ACU Announces Largest Gift in School's History
for release after 5 p.m. Saturday, Feb. 21, 1998
Abilene Christian University has received a $26.5 million gift to its endowment - the largest single gift in the university's history, officials announced at a news conference Saturday.
The Grace L. Woodward Memorial Endowment Trust was established by Bob Woodward of Kerrville in honor of his mother, who died April 24, 1997. Her dream was that her money would be used for a Christian cause.
After observing ACU's Board of Trustees for 30 years, Woodward told his friend Dr. John C. Stevens, ACU chancellor emeritus, that he "couldn't think of a better group of people to manage my mother's money." He chose to dedicate the funds to ACU's College of Biblical Studies because its mission is the same as his mother's: to advance the cause of Christ through the church.
The endowment gift will help the college prepare future church leaders - particularly preachers, elders and teachers. Currently, 469 ACU students major in biblical studies fields such as pulpit ministry, youth ministry, marriage and family therapy, and missions. ACU undergraduates of all majors receive a strong biblical foundation by taking a minimum of 15 credit hours in biblical studies.
"We are so grateful for Grace Woodward's generous gift, through her son, Bob, which will bless many generations to come," said Dr. Royce Money, ACU president. "ACU will strive to instill the servant spirit so exemplified by her in every student who benefits from her family's generosity."
Dr. Jack Reese, dean of the College of Biblical Studies, said because of this gift, far more students will be able to receive substantial scholarships, the faculty will be able to expand to better prepare students, library acquisitions and other resources will increase, and active partnerships with churches will be able to grow.
"This gift will affect the future of this college in dynamic and immediate ways," Reese said. "And while the departments within the college have served leading roles within Churches of Christ and beyond for many decades, I believe we will look back at this time in our history and say, 'Here was a great turning point; here was the gift we most needed to be engaged more effectively in worldwide ministry for the cause of Christ.' We are grateful."
The Woodward family has a long history of giving - but always anonymously, Money said. Bob Woodward's grandparents started numerous churches, founded and supported many children's homes, and sent countless students through Abilene Christian with few people ever knowing.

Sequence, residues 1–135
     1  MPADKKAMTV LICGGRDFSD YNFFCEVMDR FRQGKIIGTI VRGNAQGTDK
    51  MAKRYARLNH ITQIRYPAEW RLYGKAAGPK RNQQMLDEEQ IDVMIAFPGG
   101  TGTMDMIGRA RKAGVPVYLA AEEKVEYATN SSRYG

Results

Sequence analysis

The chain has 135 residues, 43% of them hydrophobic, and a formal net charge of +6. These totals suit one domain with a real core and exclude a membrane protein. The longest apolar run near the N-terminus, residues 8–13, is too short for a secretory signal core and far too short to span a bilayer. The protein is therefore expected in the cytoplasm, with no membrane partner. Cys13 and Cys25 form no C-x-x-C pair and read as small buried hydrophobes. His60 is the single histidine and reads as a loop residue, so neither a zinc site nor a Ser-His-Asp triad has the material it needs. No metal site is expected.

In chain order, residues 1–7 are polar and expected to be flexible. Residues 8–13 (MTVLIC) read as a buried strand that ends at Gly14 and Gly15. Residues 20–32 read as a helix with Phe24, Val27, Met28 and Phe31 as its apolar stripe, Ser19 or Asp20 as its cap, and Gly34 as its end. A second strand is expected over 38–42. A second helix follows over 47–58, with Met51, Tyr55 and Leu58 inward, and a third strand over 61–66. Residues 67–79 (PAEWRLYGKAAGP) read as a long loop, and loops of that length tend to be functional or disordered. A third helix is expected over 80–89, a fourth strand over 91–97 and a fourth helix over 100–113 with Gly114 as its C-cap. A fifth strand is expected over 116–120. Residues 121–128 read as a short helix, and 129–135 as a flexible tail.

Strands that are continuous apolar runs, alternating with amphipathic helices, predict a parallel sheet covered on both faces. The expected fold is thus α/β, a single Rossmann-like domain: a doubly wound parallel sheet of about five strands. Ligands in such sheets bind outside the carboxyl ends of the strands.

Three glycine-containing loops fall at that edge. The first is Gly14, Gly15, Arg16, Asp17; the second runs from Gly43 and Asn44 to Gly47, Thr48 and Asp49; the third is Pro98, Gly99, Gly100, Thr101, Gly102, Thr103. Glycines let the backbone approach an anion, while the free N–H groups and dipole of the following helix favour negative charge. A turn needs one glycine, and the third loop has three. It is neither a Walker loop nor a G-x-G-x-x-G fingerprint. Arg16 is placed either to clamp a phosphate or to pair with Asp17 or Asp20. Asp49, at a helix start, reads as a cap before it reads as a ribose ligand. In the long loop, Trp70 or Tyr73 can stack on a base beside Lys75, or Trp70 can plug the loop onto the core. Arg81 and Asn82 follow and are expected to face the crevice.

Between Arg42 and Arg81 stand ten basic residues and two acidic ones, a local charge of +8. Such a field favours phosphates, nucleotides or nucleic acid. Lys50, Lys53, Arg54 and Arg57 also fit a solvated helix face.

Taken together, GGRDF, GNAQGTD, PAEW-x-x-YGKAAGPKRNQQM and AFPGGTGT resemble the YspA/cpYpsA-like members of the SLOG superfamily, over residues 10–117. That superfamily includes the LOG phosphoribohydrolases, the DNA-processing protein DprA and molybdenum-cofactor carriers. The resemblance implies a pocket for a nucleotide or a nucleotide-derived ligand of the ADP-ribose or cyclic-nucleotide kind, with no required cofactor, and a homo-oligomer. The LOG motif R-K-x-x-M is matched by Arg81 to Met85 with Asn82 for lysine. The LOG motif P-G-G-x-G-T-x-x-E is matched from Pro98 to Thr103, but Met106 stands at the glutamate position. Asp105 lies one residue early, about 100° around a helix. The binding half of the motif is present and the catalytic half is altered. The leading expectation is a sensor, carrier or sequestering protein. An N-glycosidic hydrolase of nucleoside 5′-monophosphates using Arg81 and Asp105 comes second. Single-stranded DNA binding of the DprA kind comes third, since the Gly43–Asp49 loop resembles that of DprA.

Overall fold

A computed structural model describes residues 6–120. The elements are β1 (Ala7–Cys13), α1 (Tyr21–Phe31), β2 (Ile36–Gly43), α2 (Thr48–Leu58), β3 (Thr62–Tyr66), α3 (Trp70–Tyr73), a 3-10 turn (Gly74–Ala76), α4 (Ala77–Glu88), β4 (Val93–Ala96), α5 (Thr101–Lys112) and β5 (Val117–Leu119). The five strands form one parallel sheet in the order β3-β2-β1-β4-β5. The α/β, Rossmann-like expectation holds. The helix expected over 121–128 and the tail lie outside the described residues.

Bob's father, Harvey Woodward, who died in a plane crash when Bob was just a few years old, started a loan fund for ACU students in the 1920s. He believed the fact that every student who ever borrowed from the fund paid the money back in full reflected the quality of ACU and its students.
After her husband's death, Grace Woodward never remarried. She devoted her life to the church, teaching a women's Bible class for more than 50 years in Houston. Because of ill health, she moved to Kerrville in 1981.
"The Woodwards tend to do their good works quietly, behind the scenes, without much fanfare," Money said. "But Bob told me he wanted to make an exception for this gift for two reasons: one, because he wanted to honor his mother, Mrs. Grace Woodward; and two, because he hopes to inspire others to give to ACU in a similar way."
In memory of Mrs. Woodward, a piece of art will be commissioned for the Hall of Servants in the Biblical Studies Building. The nature of the work will be announced at a later date.
Available philanthropic data shows the Woodward gift to ACU is likely one of the 10 largest private gifts in the history of higher education in Texas. The gift places ACU among a small group of Texas schools who have received large gifts such as Texas A&M University, Southern Methodist University, University of Houston, and the University of Texas Southwestern Medical Center.
Previously, the largest single gift to ACU was $11 million in 1980 from the estate of F.O. Masten, a farmer, rancher and oilman from the Texas Panhandle.
ACU officials announced the Woodward gift while also launching the university's $100 million campaign, "To Lead and To Serve." The gift will be counted toward the goal of the campaign.
"I want people to know about the faith and vision of our Board of Trustees," Money said. "The men and women of our board set forth the challenging goal of $100 million for the future of ACU before they knew anything about the Woodward gift. Only a few weeks later, Bob Woodward called. We know this goal is so ambitious that when we reach it we will know we can attribute it to God's work, not our own. The Woodward gift is a shining example of how God's works are wonderful beyond comprehension."
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